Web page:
Except that the population of the world only hit one billion in 1800; by 1900 it was still under two billion - now we're at seven billion. Wood doesn't scale: it pollutes, renews only slowly, and provides bulky, inefficient fuel.
In the case of the Mayans, it may have been weather change: extended drought - http://en.wikipedia.org/wiki/C... .
I bought 5 SSDs in 2014 - now in all my machines, so I'll be playing the part of (near) bleeding-edge adopter in the upcoming years. So far, am loving the performance.
I remember seeing something very much like this - http://www.gshotts.com/HUMOR/f... - billed as a "system programmer's exam" back in the '70s.
Among my favorites:
21) Sketch the development of human thought; estimate its significance. Compare with the development of any other kind of thought.
23) Define the universe in detail. List three examples.
Can't someone else do it?
Good to hear about the trans-Atlantic stupid-party co-operation.
When I was a child, we used to find old light switches and break them open to play with the mercury in them. But it did eventually kill me.
When I started in professional computing in the early '80s, there were probably 30-40% women in areas where I worked. It isn't some kind of innate preference - that tired excuse that gets trotted out to justify any conservative position.
What's changed is this idea of "tracking", as soft as it is. It used to be that a philosophy major, like myself, or an English or history major would get a programming job because most schools did not even offer CS courses, much less CS majors. Now, there is this idea of a course of study along the lines of math and engineering that leads to a career with computers. It's not any one thing that accounts for this shift, but turning the decision to work with technology from a late-stage one to an earlier, long-term one probably doesn't help. It's now like a long corridor of slight but persistent bias - highly evident in the bitter, stupid comments in this discussion - that weeds out women from the field.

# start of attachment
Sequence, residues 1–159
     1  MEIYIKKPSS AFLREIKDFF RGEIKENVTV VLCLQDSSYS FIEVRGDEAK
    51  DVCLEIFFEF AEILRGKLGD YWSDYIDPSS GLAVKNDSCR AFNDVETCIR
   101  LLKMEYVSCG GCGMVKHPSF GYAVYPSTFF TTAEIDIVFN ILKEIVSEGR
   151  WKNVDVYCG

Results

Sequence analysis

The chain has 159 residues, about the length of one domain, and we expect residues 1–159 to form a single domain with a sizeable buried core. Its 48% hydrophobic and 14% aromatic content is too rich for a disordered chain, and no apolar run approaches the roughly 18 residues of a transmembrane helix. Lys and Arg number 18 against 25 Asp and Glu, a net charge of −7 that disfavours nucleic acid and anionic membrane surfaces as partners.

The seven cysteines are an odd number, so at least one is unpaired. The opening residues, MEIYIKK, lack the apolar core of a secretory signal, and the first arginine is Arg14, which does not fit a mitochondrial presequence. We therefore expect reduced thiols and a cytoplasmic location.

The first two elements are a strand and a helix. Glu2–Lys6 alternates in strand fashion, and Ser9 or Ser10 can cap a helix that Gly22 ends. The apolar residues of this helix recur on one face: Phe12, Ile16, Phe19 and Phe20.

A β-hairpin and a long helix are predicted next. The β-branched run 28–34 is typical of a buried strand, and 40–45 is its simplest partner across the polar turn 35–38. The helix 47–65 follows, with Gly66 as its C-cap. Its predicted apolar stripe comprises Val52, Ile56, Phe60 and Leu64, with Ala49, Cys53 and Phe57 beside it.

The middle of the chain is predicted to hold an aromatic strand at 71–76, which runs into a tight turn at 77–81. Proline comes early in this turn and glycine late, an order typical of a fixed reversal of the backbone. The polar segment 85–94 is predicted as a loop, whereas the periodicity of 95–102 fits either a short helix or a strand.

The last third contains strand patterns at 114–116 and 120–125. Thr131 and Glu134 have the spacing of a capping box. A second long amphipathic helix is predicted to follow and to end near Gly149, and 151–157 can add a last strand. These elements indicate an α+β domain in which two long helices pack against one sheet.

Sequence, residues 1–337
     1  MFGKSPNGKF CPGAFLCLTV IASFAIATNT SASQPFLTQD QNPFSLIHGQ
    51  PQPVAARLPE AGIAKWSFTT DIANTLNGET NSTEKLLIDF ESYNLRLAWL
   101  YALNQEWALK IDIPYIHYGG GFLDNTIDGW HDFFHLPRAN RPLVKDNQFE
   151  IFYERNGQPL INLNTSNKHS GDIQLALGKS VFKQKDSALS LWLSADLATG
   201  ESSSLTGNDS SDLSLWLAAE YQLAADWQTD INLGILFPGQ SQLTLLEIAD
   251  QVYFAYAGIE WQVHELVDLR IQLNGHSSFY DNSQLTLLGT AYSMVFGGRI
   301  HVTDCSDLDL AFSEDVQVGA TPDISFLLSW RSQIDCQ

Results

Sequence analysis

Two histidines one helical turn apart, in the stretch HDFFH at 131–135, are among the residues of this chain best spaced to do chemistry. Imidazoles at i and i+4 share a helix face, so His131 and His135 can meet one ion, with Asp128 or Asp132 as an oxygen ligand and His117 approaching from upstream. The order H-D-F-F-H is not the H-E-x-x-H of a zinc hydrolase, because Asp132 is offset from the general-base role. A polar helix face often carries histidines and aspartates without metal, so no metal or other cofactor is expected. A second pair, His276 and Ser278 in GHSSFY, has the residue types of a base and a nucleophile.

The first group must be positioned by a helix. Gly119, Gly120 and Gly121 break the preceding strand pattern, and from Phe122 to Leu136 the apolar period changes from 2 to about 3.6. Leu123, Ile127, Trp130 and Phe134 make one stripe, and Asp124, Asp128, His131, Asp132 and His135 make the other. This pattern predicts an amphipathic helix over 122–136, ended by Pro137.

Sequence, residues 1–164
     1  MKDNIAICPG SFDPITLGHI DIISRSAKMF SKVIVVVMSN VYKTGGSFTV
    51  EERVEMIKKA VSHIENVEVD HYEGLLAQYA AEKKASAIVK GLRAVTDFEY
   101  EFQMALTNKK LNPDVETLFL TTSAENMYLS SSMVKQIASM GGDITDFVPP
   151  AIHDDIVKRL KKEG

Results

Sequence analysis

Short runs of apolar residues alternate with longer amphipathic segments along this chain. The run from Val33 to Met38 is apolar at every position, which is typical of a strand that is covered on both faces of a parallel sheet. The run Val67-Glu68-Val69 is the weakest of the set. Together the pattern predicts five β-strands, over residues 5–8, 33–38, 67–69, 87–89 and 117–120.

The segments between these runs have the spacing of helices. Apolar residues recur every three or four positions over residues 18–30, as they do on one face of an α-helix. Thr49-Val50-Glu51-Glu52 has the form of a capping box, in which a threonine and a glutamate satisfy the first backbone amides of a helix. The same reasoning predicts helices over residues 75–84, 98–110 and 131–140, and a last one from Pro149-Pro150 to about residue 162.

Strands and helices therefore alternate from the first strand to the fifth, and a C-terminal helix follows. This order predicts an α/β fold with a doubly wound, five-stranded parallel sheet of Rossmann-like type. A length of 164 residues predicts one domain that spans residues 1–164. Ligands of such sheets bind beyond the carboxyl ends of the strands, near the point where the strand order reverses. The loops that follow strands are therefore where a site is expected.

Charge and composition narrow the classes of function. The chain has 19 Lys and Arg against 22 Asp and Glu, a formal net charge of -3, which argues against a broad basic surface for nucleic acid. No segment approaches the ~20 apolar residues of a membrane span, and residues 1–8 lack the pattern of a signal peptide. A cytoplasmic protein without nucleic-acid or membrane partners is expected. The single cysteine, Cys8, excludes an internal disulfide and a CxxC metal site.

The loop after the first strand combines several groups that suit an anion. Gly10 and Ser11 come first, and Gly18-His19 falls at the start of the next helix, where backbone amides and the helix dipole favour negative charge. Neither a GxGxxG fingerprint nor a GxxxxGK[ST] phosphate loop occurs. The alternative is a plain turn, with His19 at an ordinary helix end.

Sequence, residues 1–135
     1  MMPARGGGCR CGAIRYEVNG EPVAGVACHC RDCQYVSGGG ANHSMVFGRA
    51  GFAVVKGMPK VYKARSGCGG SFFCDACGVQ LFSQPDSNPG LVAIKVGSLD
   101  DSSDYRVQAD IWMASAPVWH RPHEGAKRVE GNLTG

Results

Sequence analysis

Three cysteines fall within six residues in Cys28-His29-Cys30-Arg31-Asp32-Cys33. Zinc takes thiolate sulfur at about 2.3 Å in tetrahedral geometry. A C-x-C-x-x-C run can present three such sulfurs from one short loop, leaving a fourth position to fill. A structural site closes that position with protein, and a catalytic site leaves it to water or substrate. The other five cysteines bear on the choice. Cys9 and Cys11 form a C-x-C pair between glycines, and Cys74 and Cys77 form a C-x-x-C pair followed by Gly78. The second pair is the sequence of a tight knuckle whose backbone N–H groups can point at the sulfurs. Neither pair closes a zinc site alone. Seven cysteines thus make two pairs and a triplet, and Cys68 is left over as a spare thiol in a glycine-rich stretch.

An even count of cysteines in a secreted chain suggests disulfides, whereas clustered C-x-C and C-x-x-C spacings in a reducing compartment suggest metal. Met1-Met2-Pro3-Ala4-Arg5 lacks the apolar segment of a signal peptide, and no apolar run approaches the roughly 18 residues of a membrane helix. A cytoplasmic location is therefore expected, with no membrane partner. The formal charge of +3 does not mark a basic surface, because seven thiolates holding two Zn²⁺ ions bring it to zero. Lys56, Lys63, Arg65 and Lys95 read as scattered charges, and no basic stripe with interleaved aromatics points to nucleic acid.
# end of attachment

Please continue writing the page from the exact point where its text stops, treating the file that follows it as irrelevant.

Some intrepid biologists at the University of Southern California (USC) have discovered bacteria that survives on nothing but electricity — rather than food, they eat and excrete pure electrons. These bacteria yet again prove the almost miraculous tenacity of life — but, from a technology standpoint, they might also prove to be useful in enabling the creation of self-powered nanoscale devices that clean up pollution. Some of these bacteria also have the curious ability to form into ‘biocables,’ microbial nanowires that are centimeters long and conduct electricity as well as copper wires — a capability that might one day be tapped to build long, self-assembling subsurface networks for human use.
Link to Original Source
Link to Original Source
...when (leading-edge) schools were just starting to get computers. I found it to be good motivation that I was at the same level as the teachers. We were all in it together, learning this stuff for the first time.
...the Indian "Science" Conference ?